9. What are your biggest sources of inspiration?
I am really inspired by other female founders who get it all done with a low profile. I don’t want my kids to think of me as a founder, but to know that I was around. I see a lot of moms just getting it done, so that’s where I get my inspiration. I love seeing women who are cranking on their laptops during sports practice but still get to their kids’ practices or games.
10. What are some of the biggest positive or negative surprises in your business?
Being a recruiter is a surprise–I never meant to become one. I had this strategic business idea, but fundamentally it meant I would be recruiting people. Coming from a background with an MBA gives me a unique perspective which my clients appreciate and respect.
11. Is your business impacted or helped by government regulations?
The biggest thing is that I can never outright say that a certain job is great for a woman who is looking for flexibility. That’s as illegal as saying that I would prefer a man for a certain role.
12. What would be your biggest piece of advice you would give to yourself ten years ago?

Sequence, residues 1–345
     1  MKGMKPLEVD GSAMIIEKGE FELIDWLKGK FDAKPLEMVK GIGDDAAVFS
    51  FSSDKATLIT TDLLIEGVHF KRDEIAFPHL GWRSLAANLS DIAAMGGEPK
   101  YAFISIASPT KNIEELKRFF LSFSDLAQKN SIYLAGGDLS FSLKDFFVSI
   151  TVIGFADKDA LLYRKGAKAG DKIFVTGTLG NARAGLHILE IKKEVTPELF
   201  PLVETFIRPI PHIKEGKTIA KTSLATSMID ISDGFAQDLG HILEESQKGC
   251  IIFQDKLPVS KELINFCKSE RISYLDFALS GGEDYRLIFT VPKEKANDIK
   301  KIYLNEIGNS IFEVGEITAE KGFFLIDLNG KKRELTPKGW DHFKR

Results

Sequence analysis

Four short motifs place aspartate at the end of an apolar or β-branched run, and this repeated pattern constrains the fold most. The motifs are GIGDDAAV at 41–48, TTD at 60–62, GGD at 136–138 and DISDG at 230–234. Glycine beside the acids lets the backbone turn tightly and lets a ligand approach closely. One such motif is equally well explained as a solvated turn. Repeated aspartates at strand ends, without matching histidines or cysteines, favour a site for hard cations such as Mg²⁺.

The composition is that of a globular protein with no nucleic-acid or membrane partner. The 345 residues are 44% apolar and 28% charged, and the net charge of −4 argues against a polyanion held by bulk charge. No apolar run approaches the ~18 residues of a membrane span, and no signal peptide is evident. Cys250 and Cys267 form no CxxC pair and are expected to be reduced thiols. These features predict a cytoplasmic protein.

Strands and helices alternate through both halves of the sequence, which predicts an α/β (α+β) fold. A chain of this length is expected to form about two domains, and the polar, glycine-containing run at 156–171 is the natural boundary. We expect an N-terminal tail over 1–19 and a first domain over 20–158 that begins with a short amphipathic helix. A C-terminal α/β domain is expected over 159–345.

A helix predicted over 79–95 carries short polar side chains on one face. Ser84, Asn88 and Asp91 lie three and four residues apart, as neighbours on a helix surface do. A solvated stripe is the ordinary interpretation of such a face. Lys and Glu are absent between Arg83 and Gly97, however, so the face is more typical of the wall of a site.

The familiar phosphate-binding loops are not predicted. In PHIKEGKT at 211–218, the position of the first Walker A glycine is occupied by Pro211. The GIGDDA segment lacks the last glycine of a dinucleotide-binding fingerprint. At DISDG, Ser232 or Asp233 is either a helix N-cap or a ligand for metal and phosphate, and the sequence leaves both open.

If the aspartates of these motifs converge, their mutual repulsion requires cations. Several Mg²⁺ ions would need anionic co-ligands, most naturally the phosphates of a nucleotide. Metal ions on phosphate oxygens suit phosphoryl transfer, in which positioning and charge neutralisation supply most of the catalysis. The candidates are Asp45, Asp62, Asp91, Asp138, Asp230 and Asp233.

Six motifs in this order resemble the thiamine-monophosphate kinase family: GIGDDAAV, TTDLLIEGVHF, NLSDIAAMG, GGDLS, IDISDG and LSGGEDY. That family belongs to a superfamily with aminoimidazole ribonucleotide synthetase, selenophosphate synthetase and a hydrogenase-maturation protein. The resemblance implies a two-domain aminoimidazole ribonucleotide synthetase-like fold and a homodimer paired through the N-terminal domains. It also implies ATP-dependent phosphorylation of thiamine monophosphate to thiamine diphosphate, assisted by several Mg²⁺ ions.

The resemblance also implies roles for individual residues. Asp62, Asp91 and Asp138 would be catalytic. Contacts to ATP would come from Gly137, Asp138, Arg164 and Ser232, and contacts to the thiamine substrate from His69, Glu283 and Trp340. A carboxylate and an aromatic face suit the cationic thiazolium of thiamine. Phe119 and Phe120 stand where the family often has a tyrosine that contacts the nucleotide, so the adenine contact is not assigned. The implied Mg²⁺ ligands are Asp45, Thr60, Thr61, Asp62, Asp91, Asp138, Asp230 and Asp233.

To move into a dedicated office space sooner than I thought I needed to. Being in a home office is an amazing thing, but there is something about being in a dedicated space, closer to clients, and getting out of the house. Having that space was actually more of a growth starter than we realized.
And obviously the partner piece – you’ll get where you want to go a lot sooner if you find someone with a complementary skill set. It’s also important to find a good accountant and lawyer early on.
13. What are your hopes for your business for the next five years?
I would love to see us launch into a few new industry verticals. I’d really like to see Prokanga give others the same flexibility that it has given me to be around for my kids. I want others to be able to say that they are proud to be around for their families, to not have to sacrifice anything economically. I am really hoping we can regularly provide that for more candidates.
Conversation Date: March 13, 2019